Crimson Gold 

Drama | Persian with English subtitles | 95 minutes

Crimson Gold opens inside a jewelry shop. Hussein is attempting to commit a robbery ordering the jeweler to open the safe. This triggers an alarm. A panicked Hussein shoots the jeweler and shoots himself. The remaining film proceeds, in flashback, to describe Hussein’s life and the events that led to this double killing. Hussein is engaged to his co-worker Ali’s sister. When Ali and Hussein enter a jewelry store, dressed in work clothes, looking for a wedding ring, they are ignored by the snooty clerks. The next morning Hussein, Ali, and the bride return to the jewelry store dressed more appropriately. Again, the clerks consider them low class and suggest they will find what they want in a pawn shop. Working as a pizza delivery man, Hussein brings a pizza to a rich man. The man invites Hussein to come inside and the two banter about the class differences and  inequities in Iranian society.  The next morning an enraged Hussein returns to the jewelry store when the tragedy depicted in the first scene occurs. 
Hossein Emadeddin (Hussein) / Kamyar Sheissi (Ali)
Why Stream This Film?
It’s a tribute to Crimson Gold that it so unnerved the government  it was banned in Iran.
  • Rotten Tomatoes Score (Critics Consensus): 88%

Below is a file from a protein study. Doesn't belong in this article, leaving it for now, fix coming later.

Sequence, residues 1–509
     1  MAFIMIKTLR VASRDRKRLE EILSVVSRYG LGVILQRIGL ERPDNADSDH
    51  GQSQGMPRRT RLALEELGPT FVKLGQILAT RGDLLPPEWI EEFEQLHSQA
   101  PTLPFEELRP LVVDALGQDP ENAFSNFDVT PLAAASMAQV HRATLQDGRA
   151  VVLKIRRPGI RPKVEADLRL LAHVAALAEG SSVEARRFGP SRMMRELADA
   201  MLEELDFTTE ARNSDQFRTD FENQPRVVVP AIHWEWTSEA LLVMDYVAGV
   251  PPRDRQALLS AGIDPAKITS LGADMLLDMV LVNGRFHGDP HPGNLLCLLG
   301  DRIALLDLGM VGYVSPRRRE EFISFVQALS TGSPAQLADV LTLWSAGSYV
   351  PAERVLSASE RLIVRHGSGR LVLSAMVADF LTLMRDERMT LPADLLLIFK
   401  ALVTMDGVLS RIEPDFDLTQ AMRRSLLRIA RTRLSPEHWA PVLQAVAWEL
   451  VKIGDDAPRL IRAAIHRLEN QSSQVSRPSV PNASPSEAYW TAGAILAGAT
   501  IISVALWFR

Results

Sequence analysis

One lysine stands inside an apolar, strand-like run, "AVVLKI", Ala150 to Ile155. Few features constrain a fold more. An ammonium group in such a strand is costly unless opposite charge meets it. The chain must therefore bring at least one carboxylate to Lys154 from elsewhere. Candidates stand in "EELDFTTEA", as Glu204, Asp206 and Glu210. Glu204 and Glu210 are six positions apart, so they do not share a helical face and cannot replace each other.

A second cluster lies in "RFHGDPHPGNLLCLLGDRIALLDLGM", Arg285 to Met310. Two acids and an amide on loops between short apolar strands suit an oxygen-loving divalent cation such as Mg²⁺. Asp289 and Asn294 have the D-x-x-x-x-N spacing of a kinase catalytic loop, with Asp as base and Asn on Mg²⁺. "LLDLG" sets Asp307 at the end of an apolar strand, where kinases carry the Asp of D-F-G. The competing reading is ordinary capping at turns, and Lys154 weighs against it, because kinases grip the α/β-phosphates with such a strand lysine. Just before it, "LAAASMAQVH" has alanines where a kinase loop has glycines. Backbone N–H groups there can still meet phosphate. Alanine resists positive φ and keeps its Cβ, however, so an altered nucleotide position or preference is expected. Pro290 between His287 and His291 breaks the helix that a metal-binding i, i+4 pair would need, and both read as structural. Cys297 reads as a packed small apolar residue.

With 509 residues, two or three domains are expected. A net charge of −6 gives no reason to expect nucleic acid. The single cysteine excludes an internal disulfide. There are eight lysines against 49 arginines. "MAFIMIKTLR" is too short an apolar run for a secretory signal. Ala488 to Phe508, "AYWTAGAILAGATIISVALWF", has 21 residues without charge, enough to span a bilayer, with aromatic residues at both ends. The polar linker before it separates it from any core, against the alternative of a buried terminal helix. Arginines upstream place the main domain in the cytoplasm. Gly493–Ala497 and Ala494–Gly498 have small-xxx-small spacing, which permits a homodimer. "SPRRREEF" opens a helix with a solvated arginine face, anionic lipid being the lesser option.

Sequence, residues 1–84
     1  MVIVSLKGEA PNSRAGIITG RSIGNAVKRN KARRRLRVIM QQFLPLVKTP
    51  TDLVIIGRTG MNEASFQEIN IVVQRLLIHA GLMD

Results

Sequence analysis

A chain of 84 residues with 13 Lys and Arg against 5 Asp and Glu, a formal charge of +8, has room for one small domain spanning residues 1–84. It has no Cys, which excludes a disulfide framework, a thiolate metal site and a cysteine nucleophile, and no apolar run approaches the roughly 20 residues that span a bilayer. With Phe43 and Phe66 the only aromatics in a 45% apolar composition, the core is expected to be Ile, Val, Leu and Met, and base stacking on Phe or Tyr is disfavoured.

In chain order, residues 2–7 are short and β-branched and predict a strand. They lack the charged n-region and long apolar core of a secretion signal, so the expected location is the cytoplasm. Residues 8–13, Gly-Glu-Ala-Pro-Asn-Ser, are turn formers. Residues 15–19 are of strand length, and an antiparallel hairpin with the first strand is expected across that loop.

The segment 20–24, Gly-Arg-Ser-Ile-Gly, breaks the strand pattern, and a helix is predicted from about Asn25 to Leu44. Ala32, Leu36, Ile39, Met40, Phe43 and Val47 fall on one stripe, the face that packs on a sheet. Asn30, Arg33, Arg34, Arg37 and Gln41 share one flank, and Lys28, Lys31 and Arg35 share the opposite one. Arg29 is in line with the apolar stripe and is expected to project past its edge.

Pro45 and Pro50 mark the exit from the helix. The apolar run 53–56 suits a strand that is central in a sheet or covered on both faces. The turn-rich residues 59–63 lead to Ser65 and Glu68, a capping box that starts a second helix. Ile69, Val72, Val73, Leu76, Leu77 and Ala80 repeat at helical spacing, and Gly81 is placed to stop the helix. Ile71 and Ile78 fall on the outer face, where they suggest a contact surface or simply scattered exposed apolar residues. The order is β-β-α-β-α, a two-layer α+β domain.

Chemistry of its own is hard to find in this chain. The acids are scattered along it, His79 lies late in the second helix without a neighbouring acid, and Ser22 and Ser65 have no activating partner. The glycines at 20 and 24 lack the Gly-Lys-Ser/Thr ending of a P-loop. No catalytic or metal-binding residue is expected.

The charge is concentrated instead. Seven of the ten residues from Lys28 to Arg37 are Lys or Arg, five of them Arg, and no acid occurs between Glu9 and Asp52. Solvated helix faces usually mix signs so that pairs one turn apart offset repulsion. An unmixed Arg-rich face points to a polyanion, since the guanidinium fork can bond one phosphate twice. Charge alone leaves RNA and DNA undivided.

• Metacritic Score: 81
  • Cannes Film Festival: Winner, Un Certain Regard Jury Prize
  • Chicago International Film Festival: Winner, Gold Hugo, Best Film 

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CRIMSON GOLD does not pander to Western tastes. It doesn’t feature gory violence or long stretches of abusive language. In fact, the arc of Hussein’s life is shown in a kind of rage-free, slow motion replay that is much more captivating than the shootings we know it has fostered.
Jonathan Curiel

San Francisco Chronicle

CRIMSON GOLD exposes the cruelties and inequities of a society sharply polarized by class and corrupted by selfishness, snobbery and cynicism. But the occasional obviousness of the film’s themes is more than balanced by the subtlety of its methods and by the stolid, irreducible individuality of its protagonist Hussein.
A.O. Scott

The New York Times

3 Faces 

3 Faces 

Behnaz Jafari is a popular actress in Iran. She sees a video of a young girl, Marziyeh, pleading for help to escape the stifling restrictions of her conservative family…

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